# Why water won't dissociate more?

In a given sample of water some molecules of water dissociate to give hydronium and hydroxide ion. They say one in 10 million will be dissociated (approx.). What are the reasons behind this? Why water won't dissociate more?

The energy required to break the first $\ce{H-O}$ bond in water is $\pu{493 kJ/mol}$. For comparison, the energy required to break the first $\ce{H-C}$ bond in methane is only $\pu{435 kJ/mol}$. As a point of reference for just what these numbers mean in terms of bond strength, we can think about how long it takes for methane to be destroyed in the atmosphere. The first step of the destruction of atmospheric methane is to break that first $\ce{H-C}$ bond; because this is so difficult to do (again, requiring $\pu{435 kJ/mol}$) it takes an average of about 9 years for a molecule of methane to be destroyed! And the energy required to break the $\ce{H-O}$ bond in water to form hydroxide and hydronium ions is even greater.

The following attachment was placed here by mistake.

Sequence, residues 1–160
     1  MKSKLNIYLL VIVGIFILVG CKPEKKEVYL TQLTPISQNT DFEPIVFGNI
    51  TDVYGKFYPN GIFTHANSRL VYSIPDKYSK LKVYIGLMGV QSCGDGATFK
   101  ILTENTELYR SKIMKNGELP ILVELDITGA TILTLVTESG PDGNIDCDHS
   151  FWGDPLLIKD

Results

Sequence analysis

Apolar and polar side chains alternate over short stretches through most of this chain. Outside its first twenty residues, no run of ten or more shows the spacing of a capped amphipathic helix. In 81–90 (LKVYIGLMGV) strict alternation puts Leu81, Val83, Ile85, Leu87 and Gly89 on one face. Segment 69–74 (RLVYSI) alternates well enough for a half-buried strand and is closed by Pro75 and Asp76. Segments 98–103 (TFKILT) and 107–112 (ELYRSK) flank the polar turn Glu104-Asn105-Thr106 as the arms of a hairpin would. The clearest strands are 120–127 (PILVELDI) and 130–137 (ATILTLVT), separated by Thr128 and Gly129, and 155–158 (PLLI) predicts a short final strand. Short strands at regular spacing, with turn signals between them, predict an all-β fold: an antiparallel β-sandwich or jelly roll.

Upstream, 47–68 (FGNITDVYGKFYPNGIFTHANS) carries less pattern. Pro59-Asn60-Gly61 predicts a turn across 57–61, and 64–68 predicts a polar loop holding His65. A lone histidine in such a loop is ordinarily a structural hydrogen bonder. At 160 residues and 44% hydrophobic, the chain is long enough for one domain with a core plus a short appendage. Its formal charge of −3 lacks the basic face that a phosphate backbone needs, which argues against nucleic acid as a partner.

I realize that my analogies involve very different processes, but the underlying issue in both cases (atmospheric destruction of methane and self ionization of water) is bond strength. I hope that this gives some insight as to why the self-ionization of water is as low as it is. Don't hesitate to ask for any clarifications in the comments.